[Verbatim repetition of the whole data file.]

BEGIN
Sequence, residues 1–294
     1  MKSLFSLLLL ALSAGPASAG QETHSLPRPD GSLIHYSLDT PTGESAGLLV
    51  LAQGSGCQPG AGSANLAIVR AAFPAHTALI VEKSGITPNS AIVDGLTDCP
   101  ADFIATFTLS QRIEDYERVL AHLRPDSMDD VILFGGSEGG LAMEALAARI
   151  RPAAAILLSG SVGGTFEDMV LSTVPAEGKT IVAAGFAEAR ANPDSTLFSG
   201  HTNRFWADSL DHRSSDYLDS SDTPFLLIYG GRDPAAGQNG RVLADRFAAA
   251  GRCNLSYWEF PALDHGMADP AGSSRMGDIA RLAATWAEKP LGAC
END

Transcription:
Sequence, residues 1–294
     1  MKSLFSLLLL ALSAGPASAG QETHSLPRPD GSLIHYSLDT PTGESAGLLV
    51  LAQGSGCQPG AGSANLAIVR AAFPAHTALI VEKSGITPNS AIVDGLTDCP
   101  ADFIATFTLS QRIEDYERVL AHLRPDSMDD VILFGGSEGG LAMEALAARI
   151  RPAAAILLSG SVGGTFEDMV LSTVPAEGKT IVAAGFAEAR ANPDSTLFSG
   201  HTNRFWADSL DHRSSDYLDS SDTPFLLIYG GRDPAAGQNG RVLADRFAAA
   251  GRCNLSYWEF PALDHGMADP AGSSRMGDIA RLAATWAEKP LGAC